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This review of F1GP came from The Amiga Online Review Column. Although this is a review of the Amiga version everything said is the same for the PC version.

By Amiga Online Review Column

Brief Description

A 3D simulation of Formula One racing, using the tracks and teams from the 1991 racing season.

Copy Protection

Manual keyword protection. Before the program will start, you are required to turn to Page XXX and enter Word YYY from Line ZZZ in Paragraph PPP. Only a total incompetent would fail to pick the correct word from the manual; the directions given are that clear, unlike other games I could mention.

It may be the case that the budget version has no protection, since the box the budget version comes in looks too small to fit the original manual in. This is speculation however, as I have not seen what the budget version provides.


This is a fantastic simulation, and you should all go out and buy a copy.

Right, that's over -- let's get on with something else.

Oh, you want more? Very well.

Imagine mounting a camera on the helmet of a racing driver and filming him driving round sixteen race tracks. Now imagine being able to take over and control the car at any time. F1GP allows you to have a driver's eye view of virtually all aspects of a race, from initial practice through qualification and into the race proper. You have the ability to alter your car setup, changing the tyre compounds, gear ratios, brake balance and wing settings.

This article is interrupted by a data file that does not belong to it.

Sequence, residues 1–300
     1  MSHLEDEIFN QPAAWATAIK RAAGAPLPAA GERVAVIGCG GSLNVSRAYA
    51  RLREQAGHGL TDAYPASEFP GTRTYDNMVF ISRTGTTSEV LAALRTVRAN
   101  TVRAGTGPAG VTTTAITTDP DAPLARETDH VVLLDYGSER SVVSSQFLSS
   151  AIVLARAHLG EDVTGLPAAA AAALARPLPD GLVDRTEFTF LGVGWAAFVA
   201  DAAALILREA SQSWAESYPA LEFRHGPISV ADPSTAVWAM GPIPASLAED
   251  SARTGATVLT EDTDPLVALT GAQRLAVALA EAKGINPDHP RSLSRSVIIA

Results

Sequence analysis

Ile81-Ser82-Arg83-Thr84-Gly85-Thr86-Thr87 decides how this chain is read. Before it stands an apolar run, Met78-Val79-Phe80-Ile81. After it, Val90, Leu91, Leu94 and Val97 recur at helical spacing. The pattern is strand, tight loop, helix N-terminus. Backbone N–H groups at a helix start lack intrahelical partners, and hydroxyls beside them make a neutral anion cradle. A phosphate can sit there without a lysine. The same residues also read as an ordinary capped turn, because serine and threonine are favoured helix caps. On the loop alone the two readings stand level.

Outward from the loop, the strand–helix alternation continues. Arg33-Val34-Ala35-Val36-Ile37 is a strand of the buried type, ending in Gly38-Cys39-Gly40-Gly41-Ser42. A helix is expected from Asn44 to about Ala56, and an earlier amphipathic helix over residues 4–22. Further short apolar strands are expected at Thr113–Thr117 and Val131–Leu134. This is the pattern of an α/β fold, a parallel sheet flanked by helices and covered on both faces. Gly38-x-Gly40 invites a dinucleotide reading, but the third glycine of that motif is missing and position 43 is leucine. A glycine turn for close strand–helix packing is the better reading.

The first thing to do is to replace the default drivers and teams with the real drivers/teams, since for some odd reason the default data is entirely fictional. For those of you without an encyclopaedic knowledge of drivers and teams, a full list of the 1991 drivers/teams is provided, and it is simply a matter of typing in the data yourself. Once this is out of the way, you can select which driver you would like to be and then go burn some rubber.

There are five difficulty levels, with the computer controlled cars becoming progressively faster as the level increases. There are also five driver aids that are made unselectable as you increase the difficulty.

Level 1 - Auto Brakes
This aid will trigger the brakes in order to bring the car to the correct speed for corners. Thus, all you have to do is keep the throttle wide open and steer.

Level 2 - Auto Gears
The computer will change into the correct gear for a given part of the circuit. It will not, however, change down in the event of a crash or spin, leaving you to change down before driving on.

Level 3 - Self Correcting Spin
Using this will not prevent a spin, but it will make sure that the car is pointing in the right direction after a spin, so that you do not have to turn the car manually.

Level 4 - Indestructible Mode
Yes, you read that correctly. Your Williams/Ferrari or whatever is now more robust than a main battle tank. You can now drive off, crashing into anything or anyone you like without worrying about bits falling off the car. Although it may be fun for a while, you soon begin thinking about real Formula 1 drivers who have been injured or killed, and crashing into other cars somehow loses its appeal.

Level 5 - Ideal Line
This mode paints a white dotted line on the track to show what the game thinks is the best line to take. Bearing in mind that the program was developed with the help of the Footwork team, the advice is probably pretty accurate.

There is a sixth aid which is also available, Suggested Gear, which displays the gear you should probably be in at any point in the race, assuming you aren't in any sort of trouble.

So, if you are racing at difficulty level 3, you will not be able to select auto brakes or auto gears.

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Acceptance Mark Rennspiele, Racing, Games, News - SPEEDMANIACS.COM
TOCA Race Driver 3 Car